Microsoft, whose share price increased more than 8% after its earnings announcement, reported 7.1% year-over-year revenue growth for the quarter and beat earnings estimates by almost 10% ($2.45 vs. the expected $2.23). Alphabet has authorized a $70 billion stock buyback and reported a 2.6% year-over-year revenue growth, beating earnings per share expectations by 9% ($1.17 vs. the expected $1.07). Apple’s total revenue declined 3.0% over the quarter, falling from $97.3 billion to $94.8 billion. Similar to Alphabet, Apple also announced a $90 billion buyback on its quarterly earnings call. Meta exceeded earnings per share expectations by an impressive 31% ($2.54 vs. the expected $1.95) as its commitment to increase efficiency by cutting more than 21,000 jobs seemed to be paying off. Meta reported 2.6% year-over-year revenue growth, though the company’s Reality Labs continued to incur significant losses—more than $4 billion over the quarter. Company management will continue to ramp up investment in this new division of the company and therefore expects losses to accelerate throughout the year. Nvidia does not report its earnings until May 24, but its share price rose 4% over the month.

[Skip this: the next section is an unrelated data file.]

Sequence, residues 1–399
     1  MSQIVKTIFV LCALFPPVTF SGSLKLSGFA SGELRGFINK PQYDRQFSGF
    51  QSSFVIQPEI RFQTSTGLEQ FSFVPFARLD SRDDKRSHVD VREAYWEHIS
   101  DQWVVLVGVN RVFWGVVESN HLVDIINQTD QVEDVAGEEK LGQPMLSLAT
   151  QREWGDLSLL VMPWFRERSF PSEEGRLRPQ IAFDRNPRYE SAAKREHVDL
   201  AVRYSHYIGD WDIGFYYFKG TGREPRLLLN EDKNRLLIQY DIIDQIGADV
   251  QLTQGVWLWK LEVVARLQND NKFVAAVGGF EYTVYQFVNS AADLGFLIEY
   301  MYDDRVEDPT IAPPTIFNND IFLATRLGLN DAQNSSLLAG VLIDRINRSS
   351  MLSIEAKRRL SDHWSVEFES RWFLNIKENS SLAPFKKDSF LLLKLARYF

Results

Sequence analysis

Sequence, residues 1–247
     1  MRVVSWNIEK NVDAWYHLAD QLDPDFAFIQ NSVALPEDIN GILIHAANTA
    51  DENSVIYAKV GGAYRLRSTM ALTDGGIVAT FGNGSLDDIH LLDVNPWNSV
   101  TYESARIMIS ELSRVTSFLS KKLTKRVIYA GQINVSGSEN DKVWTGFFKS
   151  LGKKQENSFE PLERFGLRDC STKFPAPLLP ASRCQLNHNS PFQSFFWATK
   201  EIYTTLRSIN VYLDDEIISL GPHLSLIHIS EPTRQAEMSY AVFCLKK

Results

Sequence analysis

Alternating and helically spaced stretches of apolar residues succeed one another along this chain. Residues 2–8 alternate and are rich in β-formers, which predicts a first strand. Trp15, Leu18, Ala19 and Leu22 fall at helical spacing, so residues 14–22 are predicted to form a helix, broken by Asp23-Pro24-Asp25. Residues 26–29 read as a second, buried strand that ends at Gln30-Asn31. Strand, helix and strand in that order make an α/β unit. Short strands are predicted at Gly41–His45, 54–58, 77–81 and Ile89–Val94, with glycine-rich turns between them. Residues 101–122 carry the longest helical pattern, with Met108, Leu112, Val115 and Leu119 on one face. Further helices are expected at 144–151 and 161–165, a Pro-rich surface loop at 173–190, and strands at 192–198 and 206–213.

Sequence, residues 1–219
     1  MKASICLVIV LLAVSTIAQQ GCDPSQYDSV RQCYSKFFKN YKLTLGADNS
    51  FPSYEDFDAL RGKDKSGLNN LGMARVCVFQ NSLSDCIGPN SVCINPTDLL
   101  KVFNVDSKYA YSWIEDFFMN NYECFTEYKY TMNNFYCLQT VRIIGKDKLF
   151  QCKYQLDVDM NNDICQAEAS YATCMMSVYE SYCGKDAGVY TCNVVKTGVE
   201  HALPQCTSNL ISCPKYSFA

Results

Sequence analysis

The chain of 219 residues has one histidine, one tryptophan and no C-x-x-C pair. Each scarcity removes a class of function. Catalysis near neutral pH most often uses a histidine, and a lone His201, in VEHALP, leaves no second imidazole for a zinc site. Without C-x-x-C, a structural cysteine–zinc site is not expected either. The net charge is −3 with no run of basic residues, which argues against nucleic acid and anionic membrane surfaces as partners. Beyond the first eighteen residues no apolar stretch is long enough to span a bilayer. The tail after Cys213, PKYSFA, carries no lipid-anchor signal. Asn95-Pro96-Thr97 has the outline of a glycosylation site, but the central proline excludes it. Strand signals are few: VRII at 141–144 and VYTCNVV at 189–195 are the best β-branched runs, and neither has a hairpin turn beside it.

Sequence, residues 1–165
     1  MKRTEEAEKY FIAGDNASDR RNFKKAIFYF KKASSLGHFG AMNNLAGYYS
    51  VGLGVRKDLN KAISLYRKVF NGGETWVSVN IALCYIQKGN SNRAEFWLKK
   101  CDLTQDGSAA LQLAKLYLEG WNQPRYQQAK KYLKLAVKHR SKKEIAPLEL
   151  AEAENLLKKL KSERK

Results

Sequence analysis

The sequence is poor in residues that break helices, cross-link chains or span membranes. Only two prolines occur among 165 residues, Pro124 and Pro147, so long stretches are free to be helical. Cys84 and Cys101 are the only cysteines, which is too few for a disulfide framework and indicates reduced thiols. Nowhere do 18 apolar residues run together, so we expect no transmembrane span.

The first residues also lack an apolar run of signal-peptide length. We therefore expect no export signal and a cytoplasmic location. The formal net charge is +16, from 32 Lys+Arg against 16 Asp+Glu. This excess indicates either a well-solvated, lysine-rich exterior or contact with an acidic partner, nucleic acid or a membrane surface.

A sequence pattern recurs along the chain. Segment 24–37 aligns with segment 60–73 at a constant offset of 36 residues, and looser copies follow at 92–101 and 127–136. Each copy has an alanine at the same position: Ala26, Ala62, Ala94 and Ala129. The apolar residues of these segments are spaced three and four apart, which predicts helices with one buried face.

Four of these Mega Cap Tech companies—Meta, Microsoft, Alphabet, and Amazon—collectively mentioned the term “AI” no less than 168 times in their first-quarter earnings calls. CEOs and investors alike are increasingly focusing on how this rapidly evolving technology might add value to large technology companies, from boosting efficiency to pushing the boundaries of technological innovations. As Microsoft CEO Satya Nadella puts it: “I have never felt this liberated in terms of opportunity in the days ahead.”
This behavior is reminiscent of an investing aphorism that warns, “In a bear market, the generals get shot last.” In other words, during the early phases of a bear market, large-cap market leaders might outperform, but they will eventually be dragged down by broader negative sentiment and economic headwinds. It remains to be seen whether this dynamic will play out in 2023 or if these global companies can return to their above-average growth rates of the past.
Both U.S. and international equity markets ended April with positive returns. International markets outperformed their U.S. counterparts. The MSCI EAFE ended the month up 2.9% while the S&P 500 posted a 1.6% gain. The Bloomberg U.S. Aggregate Bond Index ended the month with a marginal 0.6% gain, and international developed market bonds ended the month up 0.3%.